"Every time I walk through a new door, I feel exactly the same--two years old and ready to bite."
Fagan bites alright, bites hard in every statement from the mouth of her fifteen-year-old protagonist. Anais Hendricks has been in Scotland's foster care system since birth, cycled through twenty-three homes by the age of seven. Now she faces in a locked-down facility until she is eighteen, accused of bludgeoning a female officer who now lies in a coma. Her protestations of innocence gain no traction with the local police, who view Anais as a lost cause. She is remanded to the Panopticon, a home for chronic young offenders in Midlothian, until the disposition of the pending case—her fifty-first placement.
In a scathing indictment of the agency meant to provide care for underage children, Anais relates a nightmarish existence and a sense of worthlessness bred by the system: "I...understand wholly that I am just a human being that nobody is interested in." A prime specimen of the revolving-door institutional mentality of the system, Anais is constantly moved from one facility to another for incorrigible behavior, plagued with drug abuse and violence, haunted by the murder of her adopted mum, constantly offending, with no biological ties to ground her. Despite her ordeal, Anais is a survivor. Her cheeky retorts and rebellious attitude to authority are a finely-tuned defense mechanism against the inhumanity she regularly faces.
Her language comes straight from the streets, liberally laced with curses, casual obscenity that might make some blush but is common to those who live in such conditions. She finds comfort in the love of her adoptive mother, a prostitute who is brutally murdered, and those who form a social network of the dispossessed, from drug dealers to pimps, common criminals and the savvy residents who live along the fringes of society. But she is tormented by the fear that she is merely an experiment, not a human born of a flesh-and-blood mother. Happy to escape through whatever drugs are available (acid, uppers, downers—but not heroin), Anais spends much of her time in a haze. She still functions well enough to escape notice, whether at the Panopticon or at the police station where she is interviewed about the attack. Her boyfriend, currently incarcerated, blatantly exploits Anais, a fact she finally recognizes, but only after a heinous betrayal that sends her staggering back to the Panopticon, battered and bruised.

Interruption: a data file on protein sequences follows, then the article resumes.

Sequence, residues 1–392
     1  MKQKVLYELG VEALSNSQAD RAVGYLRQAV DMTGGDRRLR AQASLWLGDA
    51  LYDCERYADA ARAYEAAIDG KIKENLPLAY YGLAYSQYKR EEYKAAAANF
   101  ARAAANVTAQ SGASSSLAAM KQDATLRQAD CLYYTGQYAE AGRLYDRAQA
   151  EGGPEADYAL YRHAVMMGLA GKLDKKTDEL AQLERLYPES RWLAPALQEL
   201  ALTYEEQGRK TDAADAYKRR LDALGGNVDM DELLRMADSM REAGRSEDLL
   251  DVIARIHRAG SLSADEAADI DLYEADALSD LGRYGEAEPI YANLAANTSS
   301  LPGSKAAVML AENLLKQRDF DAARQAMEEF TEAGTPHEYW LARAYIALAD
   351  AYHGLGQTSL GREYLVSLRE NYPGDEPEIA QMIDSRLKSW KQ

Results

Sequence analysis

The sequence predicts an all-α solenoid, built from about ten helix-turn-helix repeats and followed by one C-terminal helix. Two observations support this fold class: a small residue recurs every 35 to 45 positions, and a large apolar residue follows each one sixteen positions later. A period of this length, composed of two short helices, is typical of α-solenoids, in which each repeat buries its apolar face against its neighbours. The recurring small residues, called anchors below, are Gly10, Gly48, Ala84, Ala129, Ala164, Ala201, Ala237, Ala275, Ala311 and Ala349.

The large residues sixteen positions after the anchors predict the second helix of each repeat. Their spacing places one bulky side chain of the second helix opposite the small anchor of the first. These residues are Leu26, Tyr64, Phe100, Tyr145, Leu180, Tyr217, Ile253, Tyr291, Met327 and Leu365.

The young people trapped in the system develop a society of their own with its own network of communication, rules of behavior and broad acceptance of unconventionality. Anais earns her place among a new "family": Isla, Tash, Shortie, Dylan and John. Within this intimate society, she learns to evaluate how she has arrived at the Panopticon, the last step before lockup. She takes charge of her own fate in an effort to shed the ignominy of her birth and the fears that follow her every move, rising with an anguished howl to protest the loss of one of their group and the usual tepid bureaucratic response. Leading the chorus of the damaged and broken children of a careless society, Anais refuses to be victimized by mass stupidity, claiming both her identity and her freedom regardless of the consequences.
Bold and in-your-face, this is not a book for the timid. It is the voice of the voiceless, the face of the nameless and the cry of the helpless against the warehousing of youngsters who have no safe place to find shelter. It's not surprising that their language is crass and irreverent, that they take whatever drugs they may buy or steal, that they are enraged when their boundaries are breached by those who render abuse instead of care. There is simply not enough outrage on behalf of those dependent on society, who learn the rules of life more likely from monsters than from caretakers, whose innocence is squandered through bureaucratic ineptness and stupidity. Fagan strikes a blow on their behalf, uninhibited and without apology.